Much of the anticipation ahead of the release of Facebook's (FB) white paper on its new cryptocurrency, Libra, has come to fruition upon the paper's publication Tuesday morning.
Shares of the social media giant jumped 2% in early trading Tuesday, building on a strong 4.24% advance Monday as the market awaited the release.
The new "stablecoin," which means it is pegged to a basket of stable existing currencies such as the dollar and the euro, allows users to buy and sell goods on the platform by use of a digital wallet that the system facilitates through its Calibra application.
"Being able to use mobile money can have an important positive impact on people's lives because you don't have to always carry cash, which can be insecure, or pay extra fees for transfers," CEO Mark Zuckerberg said in a public post on his Facebook profile. "We aspire to make it easy for everyone to send and receive money just like you use our apps to instantly share messages and photos."
WhatsApp and Messenger will be connected to offer seamless payments around the world at low or no cost in order to bring further accessibility to the effort, especially as WhatsApp remains overwhelmingly popular in underbanked regions like India.
"We think this is among the most important initiatives at the company and may be critical to commercializing the value of its messaging infrastructure," Loop Capital analyst Alan Gould said, highlighting the potential upside for investors.
The Trouble With Trust
The trust issue has been a flashpoint issue ahead of the white paper's release, with critics homing in on Facebook's past misdeeds, which, in the minds of many, makes it unfit to spearhead such a project.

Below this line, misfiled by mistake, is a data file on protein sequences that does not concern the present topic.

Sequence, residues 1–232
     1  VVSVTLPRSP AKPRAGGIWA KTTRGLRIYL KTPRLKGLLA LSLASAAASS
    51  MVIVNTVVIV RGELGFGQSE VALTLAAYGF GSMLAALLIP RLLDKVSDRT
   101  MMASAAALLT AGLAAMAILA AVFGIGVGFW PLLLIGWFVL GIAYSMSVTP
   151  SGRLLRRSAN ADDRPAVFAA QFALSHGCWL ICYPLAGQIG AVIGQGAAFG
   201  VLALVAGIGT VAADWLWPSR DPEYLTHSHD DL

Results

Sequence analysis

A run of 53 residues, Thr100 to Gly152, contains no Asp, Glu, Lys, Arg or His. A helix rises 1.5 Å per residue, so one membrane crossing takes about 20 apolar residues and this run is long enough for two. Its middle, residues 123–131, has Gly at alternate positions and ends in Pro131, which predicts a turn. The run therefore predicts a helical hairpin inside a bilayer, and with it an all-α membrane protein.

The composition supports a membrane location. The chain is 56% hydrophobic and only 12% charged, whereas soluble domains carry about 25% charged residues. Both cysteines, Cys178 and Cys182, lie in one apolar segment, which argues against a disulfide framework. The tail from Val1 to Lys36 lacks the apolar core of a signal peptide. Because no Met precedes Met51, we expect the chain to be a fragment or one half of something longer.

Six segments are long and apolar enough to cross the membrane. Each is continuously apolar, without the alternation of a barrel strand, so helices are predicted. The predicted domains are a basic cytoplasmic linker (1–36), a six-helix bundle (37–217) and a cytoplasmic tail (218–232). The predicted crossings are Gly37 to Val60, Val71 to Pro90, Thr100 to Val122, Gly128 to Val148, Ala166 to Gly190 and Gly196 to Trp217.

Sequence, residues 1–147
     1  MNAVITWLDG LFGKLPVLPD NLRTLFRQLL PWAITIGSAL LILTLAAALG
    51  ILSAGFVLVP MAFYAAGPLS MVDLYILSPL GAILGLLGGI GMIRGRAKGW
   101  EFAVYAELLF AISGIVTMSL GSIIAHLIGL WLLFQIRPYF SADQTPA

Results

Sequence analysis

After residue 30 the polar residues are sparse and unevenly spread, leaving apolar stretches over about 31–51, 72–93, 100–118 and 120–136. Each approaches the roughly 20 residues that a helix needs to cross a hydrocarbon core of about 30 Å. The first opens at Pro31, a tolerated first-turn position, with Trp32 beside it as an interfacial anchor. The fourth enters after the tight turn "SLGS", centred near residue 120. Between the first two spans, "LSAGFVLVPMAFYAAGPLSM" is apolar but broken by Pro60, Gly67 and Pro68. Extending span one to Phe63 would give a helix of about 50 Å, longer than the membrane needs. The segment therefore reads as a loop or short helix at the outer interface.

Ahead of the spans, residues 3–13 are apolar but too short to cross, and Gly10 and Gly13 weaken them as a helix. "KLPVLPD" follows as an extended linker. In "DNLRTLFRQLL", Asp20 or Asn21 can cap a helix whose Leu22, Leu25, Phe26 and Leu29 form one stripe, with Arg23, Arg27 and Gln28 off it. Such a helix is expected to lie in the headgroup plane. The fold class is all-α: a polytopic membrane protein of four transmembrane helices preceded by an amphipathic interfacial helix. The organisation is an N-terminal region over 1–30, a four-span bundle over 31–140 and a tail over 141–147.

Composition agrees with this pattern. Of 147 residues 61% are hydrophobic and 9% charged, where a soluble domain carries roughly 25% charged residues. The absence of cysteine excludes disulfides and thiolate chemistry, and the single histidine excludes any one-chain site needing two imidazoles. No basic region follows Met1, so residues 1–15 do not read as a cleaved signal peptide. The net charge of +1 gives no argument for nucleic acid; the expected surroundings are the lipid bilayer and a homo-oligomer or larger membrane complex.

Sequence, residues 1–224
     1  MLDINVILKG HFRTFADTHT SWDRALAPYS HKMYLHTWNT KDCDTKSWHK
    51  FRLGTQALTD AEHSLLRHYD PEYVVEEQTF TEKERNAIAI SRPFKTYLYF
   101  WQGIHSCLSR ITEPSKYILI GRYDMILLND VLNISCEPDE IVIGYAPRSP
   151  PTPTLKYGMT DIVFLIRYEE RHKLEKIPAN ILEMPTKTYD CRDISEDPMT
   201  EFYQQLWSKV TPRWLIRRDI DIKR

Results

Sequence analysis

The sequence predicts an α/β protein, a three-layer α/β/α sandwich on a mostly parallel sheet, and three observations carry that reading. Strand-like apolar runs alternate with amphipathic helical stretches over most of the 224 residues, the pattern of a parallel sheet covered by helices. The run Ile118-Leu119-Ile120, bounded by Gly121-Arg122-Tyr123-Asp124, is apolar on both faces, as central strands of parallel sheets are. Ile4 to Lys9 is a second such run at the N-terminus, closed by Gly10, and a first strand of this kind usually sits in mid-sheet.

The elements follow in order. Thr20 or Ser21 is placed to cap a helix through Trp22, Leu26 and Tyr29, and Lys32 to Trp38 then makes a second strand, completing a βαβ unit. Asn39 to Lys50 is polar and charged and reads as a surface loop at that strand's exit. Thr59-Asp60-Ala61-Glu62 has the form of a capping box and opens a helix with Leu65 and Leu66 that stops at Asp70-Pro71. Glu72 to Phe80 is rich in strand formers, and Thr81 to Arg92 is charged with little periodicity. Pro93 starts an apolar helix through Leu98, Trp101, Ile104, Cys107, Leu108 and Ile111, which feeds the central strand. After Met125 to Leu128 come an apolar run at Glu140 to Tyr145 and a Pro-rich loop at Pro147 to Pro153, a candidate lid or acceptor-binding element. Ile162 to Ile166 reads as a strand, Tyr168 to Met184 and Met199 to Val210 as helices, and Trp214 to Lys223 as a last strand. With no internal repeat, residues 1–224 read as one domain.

This is especially problematic as many crypto enthusiasts seek to eschew reliance on mal-intentioned corporations and governments.
"FB has proven Calibra is exactly the cynical play we've expected," Maya Zehavi, a founding member of the Israeli Blockchain Industry forum said on Twitter Tuesday morning. "Libra is the formal move towards a corporatacracy, with its own currency and rules of engagement."
The killer aspect of Calibra is that they are at least transparent about the fact they intend to share aggregate data With FB. That implies aggregate data about transactions, balance, etc. No privacy expectations from the get go pic.twitter.com/xyS2cBJ1b8— Maya Zehavi (@mayazi) June 18, 2019
However, it is worth noting that Facebook has explicitly looked to alleviate the concern in the long term, writing that the association itself is not involved in processing transactions and does not store any personal data of Libra users.
In order to further assuage this concern, Facebook will not act as hegemon over the project, and instead the currency will be backed by a consortium of 27 tech titans, which Zuckerberg said he expects to expand to 100 entities by launch in 2020.
Additionally, the system will be backed by a blockchain called the "Libra protocol" that allows validators across authorities with program resources "owned by different user accounts authenticated by public key cryptography and adhere to custom rules specified by the developers of these resources."
"All of this is built on blockchain technology," Zuckerberg explained. "It's decentralized -- meaning it's run by many different organizations instead of just one, making the system fairer overall."